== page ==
It is election campaign time again. The ludicrous idea of a ‘scientific election’ aside, we need to question the role of electoral politics.
As I argued last week, elections are ideally an invaluable mechanism for citizens to express preferences of who to govern and with what plan. Casting the vote to choose leaders, and the entire system of government that we generally call democracy, constitute by far the most important universal value.
As a principle, democratic governance reflected in elections and accountable institutions has a worldwide universal presence. As a practice, however, the variations and divergences could not be starker.
In the case of Uganda, the manner in which elections and the pretensions to democratic government have evolved over the past decades renders the whole system absurd and counterproductive.
Last week, I wrote about the folly of holding a presidential election. It is of little value because we simply do not have the requisite organisational and institutional arrangement, autonomous and competent, to adjudicate the contest for the nation’s highest office in a prudent and efficient way.
This managerial deficiency stems from the fact that the incumbent’s primary goal is to be a president-for-life. Thus, he places himself above the standards of free and open competition. His pursuit of a life-presidency does not stop at compromising the presidential race, it also includes distorting the entire electoral system.
The state machinery deployed to serve the incumbent’s electoral campaign demands inevitably strays into parliamentary and local council electioneering too.
Mr Museveni wants a pliant Parliament, populated by journeymen with no spine to exact legislative oversight and who are clueless about the constitutional duties of the legislature. He has been on record, rather mischievously, advising the public to elect MPs who can spend all their time sleeping in the House only to wake up in time to vote the way he wants.
What is more, with blunt blackmail, Mr Museveni often tells Ugandans to only vote for those MPs who support him and his government lest their constituencies or districts cannot get government resources.
This latter redefinition of an MP’s role has been deeply insidious. It has turned MPs into chief development officers of their constituencies and districts, in effect compromising their job as lawmakers and corroding the duty to check excesses in exercising executive authority.
In effect, we now have Parliamentary and local government aspirants making unrealistic campaign promises like tarmacking roads and building bridges, public works and infrastructure projects that are otherwise squarely the business of the executive or local governments.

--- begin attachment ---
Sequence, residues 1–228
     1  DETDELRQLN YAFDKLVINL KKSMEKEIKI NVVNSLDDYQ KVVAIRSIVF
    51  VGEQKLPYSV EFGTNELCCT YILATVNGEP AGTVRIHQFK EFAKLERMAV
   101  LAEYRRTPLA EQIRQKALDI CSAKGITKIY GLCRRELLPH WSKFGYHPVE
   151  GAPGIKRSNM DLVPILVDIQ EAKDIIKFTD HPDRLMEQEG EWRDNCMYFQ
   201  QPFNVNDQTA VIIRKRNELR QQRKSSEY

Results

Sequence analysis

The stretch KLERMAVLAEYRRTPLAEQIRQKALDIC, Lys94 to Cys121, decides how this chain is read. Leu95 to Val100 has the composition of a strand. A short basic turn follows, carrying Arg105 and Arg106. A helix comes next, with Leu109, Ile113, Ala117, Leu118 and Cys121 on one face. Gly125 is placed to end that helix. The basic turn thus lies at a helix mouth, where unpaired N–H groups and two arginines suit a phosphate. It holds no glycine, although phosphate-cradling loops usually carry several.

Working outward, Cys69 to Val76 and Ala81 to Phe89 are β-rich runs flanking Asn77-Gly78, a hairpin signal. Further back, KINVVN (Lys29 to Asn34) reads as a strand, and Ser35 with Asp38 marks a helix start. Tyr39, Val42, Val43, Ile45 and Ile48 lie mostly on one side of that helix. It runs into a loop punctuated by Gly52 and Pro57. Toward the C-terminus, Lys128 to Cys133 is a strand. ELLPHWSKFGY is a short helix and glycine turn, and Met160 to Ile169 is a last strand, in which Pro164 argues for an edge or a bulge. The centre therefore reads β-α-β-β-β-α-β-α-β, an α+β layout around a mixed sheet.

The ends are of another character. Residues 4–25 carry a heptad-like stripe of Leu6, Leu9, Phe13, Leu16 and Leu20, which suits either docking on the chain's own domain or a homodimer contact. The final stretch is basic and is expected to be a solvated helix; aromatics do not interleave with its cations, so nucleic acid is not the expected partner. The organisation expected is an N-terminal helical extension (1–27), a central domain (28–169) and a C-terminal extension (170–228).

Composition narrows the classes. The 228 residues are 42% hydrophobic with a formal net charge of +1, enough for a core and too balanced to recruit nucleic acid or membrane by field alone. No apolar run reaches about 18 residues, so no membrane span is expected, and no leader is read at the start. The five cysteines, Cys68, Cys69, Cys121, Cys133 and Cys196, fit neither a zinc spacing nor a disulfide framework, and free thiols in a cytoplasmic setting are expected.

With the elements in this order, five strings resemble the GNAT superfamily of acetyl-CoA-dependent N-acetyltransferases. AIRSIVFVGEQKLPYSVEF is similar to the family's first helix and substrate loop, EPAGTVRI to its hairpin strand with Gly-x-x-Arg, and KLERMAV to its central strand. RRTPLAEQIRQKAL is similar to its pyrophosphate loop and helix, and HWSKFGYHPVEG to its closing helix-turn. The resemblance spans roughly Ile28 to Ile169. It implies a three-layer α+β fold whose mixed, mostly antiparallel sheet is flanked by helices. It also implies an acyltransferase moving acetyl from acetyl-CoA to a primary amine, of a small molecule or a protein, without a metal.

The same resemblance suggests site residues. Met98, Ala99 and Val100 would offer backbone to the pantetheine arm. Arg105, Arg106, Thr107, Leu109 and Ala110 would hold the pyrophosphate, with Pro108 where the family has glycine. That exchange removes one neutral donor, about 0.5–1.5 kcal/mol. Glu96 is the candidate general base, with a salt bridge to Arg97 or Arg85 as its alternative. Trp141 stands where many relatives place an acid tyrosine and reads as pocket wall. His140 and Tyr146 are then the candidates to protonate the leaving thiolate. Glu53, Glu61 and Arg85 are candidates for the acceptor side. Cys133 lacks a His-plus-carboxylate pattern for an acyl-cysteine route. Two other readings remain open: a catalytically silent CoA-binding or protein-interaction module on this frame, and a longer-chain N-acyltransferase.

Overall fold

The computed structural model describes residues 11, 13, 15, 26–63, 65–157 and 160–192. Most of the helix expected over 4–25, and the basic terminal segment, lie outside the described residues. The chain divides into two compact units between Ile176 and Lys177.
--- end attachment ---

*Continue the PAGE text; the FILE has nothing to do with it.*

Mr Museveni’s exhortation to vote only candidates of his party, a party whose existence beyond feeding off the state is perilous, has meant that many seeking to enter Parliament or win a local government office jump onto the NRM bandwagon and pay their way to Parliament.
Many have no principled attachment to the ruling party and do not associate with its overarching ideological orientation (that is if it has anyway). Their only interest lies in opportunistically wearing the NRM garb as the passport to Parliament.
Every election cycle we have quite a few of these who purport to cross from an Opposition party to the ruling behemoth to win a rural constituency where the state apparatus and misperceptions of peasants put an opposition candidate at gross disadvantage.
Add to this convoluted campaign terrain the routine practice of creating new constituencies in a clear act of electoral gerrymandering to help packing parliament with supine spectators and aid the distribution of access to spoils to local elites.
This distorted electoral landscape is inimical to good government because neither Parliament nor local governments get leaders who perform their functions effectively. It is not about competence but sycophancy. Legislation and oversight are undermined.
The biggest illusion sold to the public is that politicians can engineer development and have the wherewithal to solve endemic problems like poverty. Socioeconomic transformation comes from improvements in productivity and investment in education and health. An MP can buy a van emblazoned as an ambulance but this hardly means a real healthcare service; or will fundraise for a classroom block but not necessarily improve access to meaningful education.
We have an utterly broken political system and electioneering under this system brings cyclical excitement and throwing around hot money that fuels inflation. In substance, it is difficult to see how much value elections add to the life of the average Ugandan and wellbeing of the nation.
Mr Khisa is assistant professor at North Carolina State University (USA).